What’s the Deal with Delaware?
An initial discussion with a client interested in forming a new business typically covers at least two issues: (1) what type of entity to form; and (2) what state should the entity be formed in. As part of discussing issue #2, we business lawyers typically discuss the possibility of forming a Delaware entity.
Since the early 1900s, Delaware has been a popular state for businesses to incorporate in. Almost every business lawyer – myself included – studied Delaware’s corporate statutes and case law in law school (and the American Bar Association has enacted rules allowing lawyers from outside of Delaware to form Delaware entities without being licensed by that state). According to the Delaware Department of State, Division of Corporations, of the corporations that make up the Fortune 500, more than one-half are incorporated in Delaware. The LLC boom that began in the late 1970s and took off in earnest in the 1990s did nothing to reverse this trend, either.
What is so special about Delaware for incorporating a business? Here are a few factors that come up time and again as part of the discussion:
1. Delaware’s Corporate Laws are Flexible and Favorable to Management: the Delaware General Corporation Law contains numerous provisions that many believe allow business to operate more efficiently. For example, one provision allows for committees of directors to have alternate members so that, if a committee member is absent, the committee can still function legitimately. Also, you will find no “dissenters rights” in either Delaware’s corporation or limited liability company statutes. By contrast, Minnesota does provide such “dissenters rights” which protect the rights of minority owners and serve as a check on management.
2. Delaware Has a Substantial Body of Case Law Interpreting Its Corporate Statutes: Delaware has a unique court called the Court of Chancery , which was founded in 1792 and which operates without juries. As a result, in part due to this Court’s existence and in part due to the sheer number of Delaware entities (due to the aforementioned factor #1), there is a significant body of case law deciding various points and nuances of Delaware’s corporate statutes. We lawyers like certainty and when we can find a decision that is on point and favorable to our client’s proposed course of action, we want that decision to apply to our client’s situation. The easiest way to make that happen is to incorporate the client’s business entity in Delaware.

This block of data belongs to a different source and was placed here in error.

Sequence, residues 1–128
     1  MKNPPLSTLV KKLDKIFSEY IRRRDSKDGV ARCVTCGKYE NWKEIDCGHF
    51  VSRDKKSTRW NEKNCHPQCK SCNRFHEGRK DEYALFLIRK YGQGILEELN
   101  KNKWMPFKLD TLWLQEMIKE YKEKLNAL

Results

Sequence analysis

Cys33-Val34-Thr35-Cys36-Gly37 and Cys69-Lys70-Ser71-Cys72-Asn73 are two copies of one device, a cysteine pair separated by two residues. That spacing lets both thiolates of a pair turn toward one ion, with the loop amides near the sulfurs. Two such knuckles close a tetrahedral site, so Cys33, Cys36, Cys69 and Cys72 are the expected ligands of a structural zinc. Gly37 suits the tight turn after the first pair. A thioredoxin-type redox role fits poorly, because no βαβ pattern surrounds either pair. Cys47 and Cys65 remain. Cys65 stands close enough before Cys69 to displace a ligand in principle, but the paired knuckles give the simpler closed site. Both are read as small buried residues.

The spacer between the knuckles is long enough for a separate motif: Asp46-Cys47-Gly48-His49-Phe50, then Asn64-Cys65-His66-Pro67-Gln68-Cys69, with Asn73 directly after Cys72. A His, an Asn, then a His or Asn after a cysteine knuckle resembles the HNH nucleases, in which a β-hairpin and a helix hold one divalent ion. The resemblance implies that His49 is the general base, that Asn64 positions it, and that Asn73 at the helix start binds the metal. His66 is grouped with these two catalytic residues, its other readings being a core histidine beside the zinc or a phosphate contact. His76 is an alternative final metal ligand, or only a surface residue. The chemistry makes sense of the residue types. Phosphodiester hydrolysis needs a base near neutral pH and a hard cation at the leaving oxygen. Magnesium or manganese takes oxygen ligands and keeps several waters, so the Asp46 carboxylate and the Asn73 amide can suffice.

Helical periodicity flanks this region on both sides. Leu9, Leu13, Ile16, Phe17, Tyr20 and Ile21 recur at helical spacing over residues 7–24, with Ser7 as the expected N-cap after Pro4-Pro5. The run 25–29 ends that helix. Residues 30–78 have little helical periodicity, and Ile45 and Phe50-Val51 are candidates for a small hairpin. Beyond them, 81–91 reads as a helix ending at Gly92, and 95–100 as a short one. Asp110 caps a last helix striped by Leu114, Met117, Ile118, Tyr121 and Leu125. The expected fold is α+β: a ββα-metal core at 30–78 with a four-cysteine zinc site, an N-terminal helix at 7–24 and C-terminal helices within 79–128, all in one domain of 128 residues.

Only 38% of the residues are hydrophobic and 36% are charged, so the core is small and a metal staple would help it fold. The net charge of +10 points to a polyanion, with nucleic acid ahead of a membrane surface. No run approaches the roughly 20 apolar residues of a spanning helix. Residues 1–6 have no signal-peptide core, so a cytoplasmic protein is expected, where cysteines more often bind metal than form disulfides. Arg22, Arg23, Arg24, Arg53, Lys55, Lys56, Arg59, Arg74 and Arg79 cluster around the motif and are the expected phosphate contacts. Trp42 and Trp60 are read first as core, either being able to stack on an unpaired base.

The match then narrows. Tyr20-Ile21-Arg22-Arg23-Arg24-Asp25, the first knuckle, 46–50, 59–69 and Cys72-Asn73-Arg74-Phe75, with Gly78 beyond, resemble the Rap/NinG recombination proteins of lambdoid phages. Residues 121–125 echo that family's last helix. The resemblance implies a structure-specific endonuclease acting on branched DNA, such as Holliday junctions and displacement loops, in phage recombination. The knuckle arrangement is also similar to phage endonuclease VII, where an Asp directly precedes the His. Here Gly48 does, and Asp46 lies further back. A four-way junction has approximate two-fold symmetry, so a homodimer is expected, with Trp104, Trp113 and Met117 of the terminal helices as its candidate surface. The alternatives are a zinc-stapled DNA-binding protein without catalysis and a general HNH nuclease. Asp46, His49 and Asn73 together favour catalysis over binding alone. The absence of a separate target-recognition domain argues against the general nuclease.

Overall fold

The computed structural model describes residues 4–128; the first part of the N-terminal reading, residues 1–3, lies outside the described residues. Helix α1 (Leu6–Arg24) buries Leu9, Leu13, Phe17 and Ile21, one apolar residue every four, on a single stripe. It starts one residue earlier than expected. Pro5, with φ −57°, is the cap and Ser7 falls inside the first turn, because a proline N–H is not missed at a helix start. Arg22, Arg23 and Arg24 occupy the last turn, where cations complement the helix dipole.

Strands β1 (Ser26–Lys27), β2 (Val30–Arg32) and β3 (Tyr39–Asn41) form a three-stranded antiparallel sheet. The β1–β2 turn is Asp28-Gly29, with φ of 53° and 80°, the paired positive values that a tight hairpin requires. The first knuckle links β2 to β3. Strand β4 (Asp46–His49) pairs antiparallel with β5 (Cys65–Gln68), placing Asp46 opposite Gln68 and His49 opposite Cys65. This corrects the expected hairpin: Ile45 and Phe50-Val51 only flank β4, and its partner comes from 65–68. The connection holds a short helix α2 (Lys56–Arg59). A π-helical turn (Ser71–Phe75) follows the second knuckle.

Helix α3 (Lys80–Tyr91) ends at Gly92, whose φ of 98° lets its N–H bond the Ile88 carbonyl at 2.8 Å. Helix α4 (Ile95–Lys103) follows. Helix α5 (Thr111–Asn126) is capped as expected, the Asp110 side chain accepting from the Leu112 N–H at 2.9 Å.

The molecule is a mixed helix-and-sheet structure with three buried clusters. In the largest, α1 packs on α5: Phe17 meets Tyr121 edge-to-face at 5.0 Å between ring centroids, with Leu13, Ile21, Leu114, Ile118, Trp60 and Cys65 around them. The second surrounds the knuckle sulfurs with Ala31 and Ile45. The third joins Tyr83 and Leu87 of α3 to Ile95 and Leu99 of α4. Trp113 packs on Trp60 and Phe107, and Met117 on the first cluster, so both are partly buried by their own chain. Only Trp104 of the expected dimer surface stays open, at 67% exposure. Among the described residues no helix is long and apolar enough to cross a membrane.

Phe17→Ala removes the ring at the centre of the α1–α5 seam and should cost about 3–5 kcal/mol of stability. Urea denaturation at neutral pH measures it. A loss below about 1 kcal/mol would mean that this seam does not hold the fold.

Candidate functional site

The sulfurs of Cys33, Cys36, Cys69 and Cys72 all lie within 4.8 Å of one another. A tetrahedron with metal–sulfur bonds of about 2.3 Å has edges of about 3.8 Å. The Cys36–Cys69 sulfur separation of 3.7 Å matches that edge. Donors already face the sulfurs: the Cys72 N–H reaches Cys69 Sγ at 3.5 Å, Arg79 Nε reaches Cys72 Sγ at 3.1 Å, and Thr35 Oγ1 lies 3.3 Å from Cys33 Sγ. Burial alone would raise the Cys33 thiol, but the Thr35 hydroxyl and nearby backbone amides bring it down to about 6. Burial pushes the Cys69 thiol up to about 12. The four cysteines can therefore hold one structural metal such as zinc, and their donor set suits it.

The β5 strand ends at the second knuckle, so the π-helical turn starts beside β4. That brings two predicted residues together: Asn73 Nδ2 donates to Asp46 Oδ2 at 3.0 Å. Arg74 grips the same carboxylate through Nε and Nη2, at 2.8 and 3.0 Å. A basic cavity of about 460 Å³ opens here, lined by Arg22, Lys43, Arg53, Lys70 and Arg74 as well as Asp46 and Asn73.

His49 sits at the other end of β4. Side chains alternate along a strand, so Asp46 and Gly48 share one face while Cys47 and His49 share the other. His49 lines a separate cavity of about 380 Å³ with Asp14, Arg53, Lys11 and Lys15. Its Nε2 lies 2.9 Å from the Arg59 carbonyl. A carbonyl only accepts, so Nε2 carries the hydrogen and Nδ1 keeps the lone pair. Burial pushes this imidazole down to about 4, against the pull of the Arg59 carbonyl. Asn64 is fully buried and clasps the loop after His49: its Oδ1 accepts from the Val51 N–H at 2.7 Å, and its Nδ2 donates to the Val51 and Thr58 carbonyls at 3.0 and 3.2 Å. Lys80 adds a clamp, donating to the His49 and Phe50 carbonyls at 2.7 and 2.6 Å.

3. There are Tax Advantages to Incorporating in Delaware: Delaware does not have a corporate income tax; rather, it has a minimal “franchise tax”. This is a significant advantage for entities where owners are in different states. Suppose you have an LLC comprised of a Minnesota resident and a Wisconsin resident. If you form the LLC in Wisconsin, the Minnesota resident will be subject to tax imposed by the State of Wisconsin on the LLC; if the LLC is formed in Minnesota, the opposite result occurs. If, however, the entity is formed in Delaware, each owner is responsible for paying income tax on monies received under their state of residence and the franchise tax (which is very likely less than any income tax owed to a non-resident state) is paid to Delaware. This is a very powerful factor in the decision as to where to situs the entity.
4. Incorporation Fees Are Less in Delaware: It costs $89 to incorporate a business in Delaware; in Minnesota it costs $160. For a startup business trying to operate on a shoe string budget, that’s a big difference. Note, however, that if you do not reside or have a business office in Delaware, you’ll need a registered agent and most professional agents will charge a few hundred dollars annually.
5. Privacy: Delaware does not require director or officer names to be listed in the formation documents. For some businesses, this extra level of privacy compared with other jurisdictions is an added benefit of incorporating in Delaware.
Delaware is not going to be the entity of choice for every business owner. In fact, most of the entities I form are formed in the client’s state of residence (either Minnesota or Wisconsin – I’m licensed to practice in both states). However, for the reasons set forth above, Delaware typically works its way into that initial conversation.